|  12 |             PX BLOCK ITERATOR         |           |       |       | PCWC |            |

|  13 |              TABLE ACCESS FULL        | CUSTOMERS |       |       | PCWP |            |

|  14 |          PX PARTITION HASH JOIN-FILTER|           |:BF0000|:BF0000| PCWC |            |

|* 15 |           TABLE ACCESS FULL           | SALES     |:BF0000|:BF0000| PCWP |            |

-----------------------------------------------------------------------------------------------


Predicate Information (identified by operation id):

---------------------------------------------------


   3 - filter(COUNT(SYS_OP_CSR(SYS_OP_MSR(COUNT(*)),0))>100)

   8 - access("S"."CUST_ID"="C"."CUST_ID")

  15 - filter("S"."TIME_ID"<=TO_DATE(' 1999-10-01 00:00:00', 'syyyy-mm-dd hh24:mi:ss') AND 

"S"."TIME_ID">=TO_DATE(' 1999-07-01

              00:00:00', 'syyyy-mm-dd hh24:mi:ss'))

Note:

The Rows, Cost (%CPU), Time, and TQ columns were removed from the plan table output in this example.

Note:

This section is based on hash partitioning, but it also applies for range, list, and interval partial partition-wise joins.

Considerations for full partition-wise joins also apply to partial partition-wise joins:

  • The degree of parallelism does not need to equal the number of partitions. In Figure 4-3, the query executes with two sets of 16 query servers. In this case, Oracle assigns 1 partition to each query server of the second set. Again, the number of partitions should always be a multiple of the degree of parallelism.

  • In Oracle Real Application Clusters environments on shared-nothing platforms (MPPs), each hash partition of sales should preferably have affinity to only one node in order to avoid remote I/Os. Also, spread partitions over all nodes to avoid bottlenecks and use all CPU resources available on the system. A node can host multiple partitions when there are more partitions than nodes.

    See Also:

    Oracle Real Application Clusters Administration and Deployment Guide for more information on data affinity

Partial Partition-Wise Joins: Composite

As with full partition-wise joins, the prime partitioning method for the sales table is to use the range method on column time_id. This is because sales is a typical example of a table that stores historical data. To enable a partial partition-wise join while preserving this range partitioning, subpartition sales by hash on column cust_id using 16 subpartitions for each partition. Pruning and partial partition-wise joins can be used together if a query joins customers and sales and if the query has a selection predicate on time_id.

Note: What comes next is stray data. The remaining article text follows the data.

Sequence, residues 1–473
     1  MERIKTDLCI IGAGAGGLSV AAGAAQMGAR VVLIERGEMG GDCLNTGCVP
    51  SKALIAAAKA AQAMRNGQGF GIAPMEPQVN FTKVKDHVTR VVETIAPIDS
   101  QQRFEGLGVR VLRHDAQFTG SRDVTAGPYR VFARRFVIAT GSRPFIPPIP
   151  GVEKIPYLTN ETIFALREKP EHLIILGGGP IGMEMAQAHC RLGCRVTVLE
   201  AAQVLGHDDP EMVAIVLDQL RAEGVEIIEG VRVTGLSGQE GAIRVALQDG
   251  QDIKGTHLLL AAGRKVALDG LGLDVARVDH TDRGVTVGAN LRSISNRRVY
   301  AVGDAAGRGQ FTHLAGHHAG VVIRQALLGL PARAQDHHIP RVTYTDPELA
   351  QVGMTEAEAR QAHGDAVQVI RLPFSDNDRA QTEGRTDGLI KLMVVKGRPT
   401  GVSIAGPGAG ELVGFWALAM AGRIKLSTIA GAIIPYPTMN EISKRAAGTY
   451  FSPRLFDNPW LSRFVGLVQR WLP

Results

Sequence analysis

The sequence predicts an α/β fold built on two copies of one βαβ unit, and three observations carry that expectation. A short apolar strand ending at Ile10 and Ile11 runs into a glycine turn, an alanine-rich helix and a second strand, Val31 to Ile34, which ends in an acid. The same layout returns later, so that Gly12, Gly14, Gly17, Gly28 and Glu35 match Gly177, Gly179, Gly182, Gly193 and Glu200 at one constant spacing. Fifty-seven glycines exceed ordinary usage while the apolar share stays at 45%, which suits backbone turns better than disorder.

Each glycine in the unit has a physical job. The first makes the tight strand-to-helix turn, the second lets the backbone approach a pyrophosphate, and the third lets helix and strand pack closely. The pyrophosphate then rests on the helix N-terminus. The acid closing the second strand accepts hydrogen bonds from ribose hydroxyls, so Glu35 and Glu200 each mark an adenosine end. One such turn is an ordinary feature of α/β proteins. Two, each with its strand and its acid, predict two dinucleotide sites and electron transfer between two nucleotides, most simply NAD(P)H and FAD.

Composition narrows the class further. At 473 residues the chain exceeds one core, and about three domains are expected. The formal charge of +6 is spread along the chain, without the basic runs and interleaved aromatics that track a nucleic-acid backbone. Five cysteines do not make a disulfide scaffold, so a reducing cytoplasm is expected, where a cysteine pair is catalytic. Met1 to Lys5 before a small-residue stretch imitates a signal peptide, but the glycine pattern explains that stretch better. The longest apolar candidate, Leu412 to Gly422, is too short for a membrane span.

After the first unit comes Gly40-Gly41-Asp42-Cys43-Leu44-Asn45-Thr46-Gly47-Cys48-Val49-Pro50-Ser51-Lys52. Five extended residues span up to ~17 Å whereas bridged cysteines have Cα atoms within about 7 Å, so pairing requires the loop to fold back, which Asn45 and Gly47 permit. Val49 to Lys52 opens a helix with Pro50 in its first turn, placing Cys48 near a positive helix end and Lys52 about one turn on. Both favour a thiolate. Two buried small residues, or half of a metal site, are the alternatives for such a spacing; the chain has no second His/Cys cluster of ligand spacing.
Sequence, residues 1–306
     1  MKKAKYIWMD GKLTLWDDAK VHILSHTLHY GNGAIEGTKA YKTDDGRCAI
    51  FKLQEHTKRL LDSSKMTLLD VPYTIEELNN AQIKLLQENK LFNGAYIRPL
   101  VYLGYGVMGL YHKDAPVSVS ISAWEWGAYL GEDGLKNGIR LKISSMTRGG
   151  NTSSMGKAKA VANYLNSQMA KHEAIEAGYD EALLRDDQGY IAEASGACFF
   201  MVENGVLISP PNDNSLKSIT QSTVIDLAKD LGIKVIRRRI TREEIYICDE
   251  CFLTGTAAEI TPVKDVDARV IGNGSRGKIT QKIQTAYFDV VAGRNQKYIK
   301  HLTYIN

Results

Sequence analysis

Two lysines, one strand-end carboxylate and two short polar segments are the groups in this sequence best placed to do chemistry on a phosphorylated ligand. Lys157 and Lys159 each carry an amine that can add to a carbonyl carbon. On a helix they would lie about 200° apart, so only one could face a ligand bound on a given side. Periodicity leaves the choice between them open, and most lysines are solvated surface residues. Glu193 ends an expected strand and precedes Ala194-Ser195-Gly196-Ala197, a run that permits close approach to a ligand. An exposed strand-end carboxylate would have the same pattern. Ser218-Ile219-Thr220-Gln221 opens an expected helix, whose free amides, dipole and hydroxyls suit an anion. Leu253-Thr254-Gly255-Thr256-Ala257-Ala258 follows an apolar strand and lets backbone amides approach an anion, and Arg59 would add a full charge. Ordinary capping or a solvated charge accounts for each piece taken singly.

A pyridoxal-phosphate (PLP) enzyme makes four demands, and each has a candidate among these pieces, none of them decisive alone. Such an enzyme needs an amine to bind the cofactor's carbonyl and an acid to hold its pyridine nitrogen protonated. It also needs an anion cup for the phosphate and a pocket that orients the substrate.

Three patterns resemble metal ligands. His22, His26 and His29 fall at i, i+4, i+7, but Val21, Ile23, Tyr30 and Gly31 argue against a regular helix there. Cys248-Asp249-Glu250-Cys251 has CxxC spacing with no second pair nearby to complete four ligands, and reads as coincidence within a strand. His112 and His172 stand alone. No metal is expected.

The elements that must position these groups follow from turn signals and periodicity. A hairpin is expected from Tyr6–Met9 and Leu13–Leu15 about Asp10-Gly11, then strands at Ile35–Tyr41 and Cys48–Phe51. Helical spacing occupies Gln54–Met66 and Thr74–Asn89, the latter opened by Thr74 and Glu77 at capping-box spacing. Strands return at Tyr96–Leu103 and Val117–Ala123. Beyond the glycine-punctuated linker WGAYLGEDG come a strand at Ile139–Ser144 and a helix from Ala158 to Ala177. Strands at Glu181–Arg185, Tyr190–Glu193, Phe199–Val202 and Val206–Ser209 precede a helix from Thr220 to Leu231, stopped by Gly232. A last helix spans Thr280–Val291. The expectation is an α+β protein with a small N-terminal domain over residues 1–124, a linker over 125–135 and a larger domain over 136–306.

When the sales table is composite partitioned, the granule of parallelism for a partial partition-wise join is a hash partition and not a subpartition. Refer to Figure 4-2 for an illustration of a hash partition in a composite table. Again, the number of hash partitions should be a multiple of the degree of parallelism. Also, on an MPP system, ensure that each hash partition has affinity to a single node. In the previous example, the eight subpartitions composing a hash partition should have affinity to the same node.

Note:

This section is based on range-hash, but it also applies for all other combinations of composite partial partition-wise joins.

The following example shows the execution plan for the query between sales and customers with sales range partitioned by time_id and subpartitioned by hash on cust_id.

---------------------------------------------------------------------------------------------

| Id  | Operation                           | Name      | Pstart| Pstop |IN-OUT| PQ Distrib |

---------------------------------------------------------------------------------------------

|   0 | SELECT STATEMENT                    |           |       |       |      |            |

|   1 |  PX COORDINATOR                     |           |       |       |      |            |

|   2 |   PX SEND QC (RANDOM)               | :TQ10002  |       |       | P->S | QC (RAND)  |

|*  3 |    FILTER                           |           |       |       | PCWC |            |

|   4 |     HASH GROUP BY                   |           |       |       | PCWP |            |

|   5 |      PX RECEIVE                     |           |       |       | PCWP |            |

|   6 |       PX SEND HASH                  | :TQ10001  |       |       | P->P | HASH       |